The holidays may bring good cheer and food, but the weather outside can sometimes create a different feeling. Seasonal affective disorder (SAD) has gotten far more attention in recent years than before, and for good reason. That funk you just can’t seem to get out of should not be discredited. With daylight savings comes shorter days, less sunlight, and colder temperatures.

Seasonal mood shifts are real, and they are worth taking a closer look at for your own well-being. Some experts believe that reduced sunlight during fall and winter leads to reduced production of serotonin, a neurotransmitter that has a calming effect in the brain. Lower levels of serotonin can result in feelings of depression and fatigue.

If you find yourself feeling less motivated, socially isolated, moody, and more tired than usual, you may be feeling the effects of SAD. Fortunately, there are positive and impactful ways to lift your spirits during these symptoms. The Mayo Clinic recommends 3 remedies to get a hold on seasonal mood changes.

  • Make your environment sunnier and brighter. Open blinds, trim tree branches that block sunlight or add skylights to your home. Sit closer to bright windows while at home or in the office.
  • Get outside. Take a long walk, eat lunch at a nearby park, or simply sit on a bench and soak up the sun. Even on cold or cloudy days, outdoor light can help — especially if you spend some time outside within two hours of getting up in the morning.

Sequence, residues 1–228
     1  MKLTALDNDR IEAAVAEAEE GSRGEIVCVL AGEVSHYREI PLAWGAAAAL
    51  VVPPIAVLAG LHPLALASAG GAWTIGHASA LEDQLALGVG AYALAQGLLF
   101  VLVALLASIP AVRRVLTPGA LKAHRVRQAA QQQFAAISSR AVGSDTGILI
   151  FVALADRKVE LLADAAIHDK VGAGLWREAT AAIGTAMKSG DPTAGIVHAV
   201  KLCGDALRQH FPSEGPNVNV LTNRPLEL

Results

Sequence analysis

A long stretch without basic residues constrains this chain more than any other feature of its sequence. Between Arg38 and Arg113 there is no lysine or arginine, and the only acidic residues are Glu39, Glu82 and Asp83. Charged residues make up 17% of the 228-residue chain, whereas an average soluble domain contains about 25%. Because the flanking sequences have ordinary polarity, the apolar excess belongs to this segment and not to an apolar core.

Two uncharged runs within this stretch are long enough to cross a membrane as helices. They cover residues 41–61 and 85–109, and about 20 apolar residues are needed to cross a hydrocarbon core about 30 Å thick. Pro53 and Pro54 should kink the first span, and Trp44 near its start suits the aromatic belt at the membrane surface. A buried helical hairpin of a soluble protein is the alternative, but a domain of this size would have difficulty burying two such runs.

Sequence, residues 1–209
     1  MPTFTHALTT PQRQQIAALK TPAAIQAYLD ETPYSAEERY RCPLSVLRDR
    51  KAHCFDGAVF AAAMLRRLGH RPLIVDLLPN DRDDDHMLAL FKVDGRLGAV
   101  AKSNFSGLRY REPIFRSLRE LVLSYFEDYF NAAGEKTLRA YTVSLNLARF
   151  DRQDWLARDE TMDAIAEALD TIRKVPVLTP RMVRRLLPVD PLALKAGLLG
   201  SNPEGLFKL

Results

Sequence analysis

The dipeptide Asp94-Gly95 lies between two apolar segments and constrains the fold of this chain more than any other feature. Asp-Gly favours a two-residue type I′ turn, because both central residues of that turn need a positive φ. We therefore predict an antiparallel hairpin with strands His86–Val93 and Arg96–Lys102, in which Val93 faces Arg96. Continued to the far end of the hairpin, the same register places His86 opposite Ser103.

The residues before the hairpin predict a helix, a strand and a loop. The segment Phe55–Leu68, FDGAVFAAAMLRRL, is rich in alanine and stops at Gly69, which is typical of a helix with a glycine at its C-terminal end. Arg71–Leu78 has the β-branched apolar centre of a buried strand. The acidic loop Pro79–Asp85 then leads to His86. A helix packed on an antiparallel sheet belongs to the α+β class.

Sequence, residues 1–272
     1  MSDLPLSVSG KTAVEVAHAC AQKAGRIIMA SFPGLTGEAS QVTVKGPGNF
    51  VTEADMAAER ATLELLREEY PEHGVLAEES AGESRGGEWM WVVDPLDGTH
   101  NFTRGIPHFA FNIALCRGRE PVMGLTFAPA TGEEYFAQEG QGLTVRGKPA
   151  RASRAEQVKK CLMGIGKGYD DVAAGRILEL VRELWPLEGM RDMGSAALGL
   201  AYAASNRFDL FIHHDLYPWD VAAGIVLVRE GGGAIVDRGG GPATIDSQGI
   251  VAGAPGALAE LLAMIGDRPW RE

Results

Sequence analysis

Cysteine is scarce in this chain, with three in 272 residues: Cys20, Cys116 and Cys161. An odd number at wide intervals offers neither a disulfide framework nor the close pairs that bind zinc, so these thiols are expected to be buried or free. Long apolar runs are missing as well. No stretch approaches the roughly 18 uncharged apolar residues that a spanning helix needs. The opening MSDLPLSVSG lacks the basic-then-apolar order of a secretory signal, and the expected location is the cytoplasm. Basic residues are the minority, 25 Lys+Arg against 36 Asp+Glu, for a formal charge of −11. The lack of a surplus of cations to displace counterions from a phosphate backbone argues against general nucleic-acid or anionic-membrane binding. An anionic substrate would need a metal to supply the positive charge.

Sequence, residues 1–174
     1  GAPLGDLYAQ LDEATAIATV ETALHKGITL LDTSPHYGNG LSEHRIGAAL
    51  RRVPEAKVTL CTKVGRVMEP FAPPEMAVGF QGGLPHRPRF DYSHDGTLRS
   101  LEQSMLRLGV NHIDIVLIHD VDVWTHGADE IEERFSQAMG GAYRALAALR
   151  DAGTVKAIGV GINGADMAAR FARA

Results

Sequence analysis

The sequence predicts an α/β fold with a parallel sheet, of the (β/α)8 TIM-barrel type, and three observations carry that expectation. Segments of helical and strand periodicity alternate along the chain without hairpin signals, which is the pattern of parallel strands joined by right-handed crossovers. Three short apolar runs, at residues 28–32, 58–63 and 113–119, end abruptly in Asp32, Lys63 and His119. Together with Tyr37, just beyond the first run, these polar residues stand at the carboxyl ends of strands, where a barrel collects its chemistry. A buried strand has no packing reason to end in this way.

• Exercise regularly. Physical exercise helps relieve stress and anxiety, both of which can increase seasonal affective disorder symptoms. Being more fit can make you feel better about yourself, too, which can lift your mood.

Additionally, Vitamin D may be useful to combat SAD. Studies of low blood levels of Vitamin D have been linked to seasonal depression. It can be found in pill form, or foods such as eggs and fish. A diet rich in omega-3’s and energy boosting nutrients is also essential. Skip carbohydrates such as chips and ice cream, which can cause the body to crash and become even more lethargic, and stock your refrigerator with dark-green, leafy vegetables like spinach, which is full of folic acid, and whole grain products that provide B vitamins, which may help your mental health.

Lastly, turning on some music may just be the cure for your winter blues. I’ve found that laying my troubles down to the soothing sound of Stevie Wonder or Minnie Ripperton, and yes, even getting low to something “crunk” does just the trick to get me motivated to face the cold.


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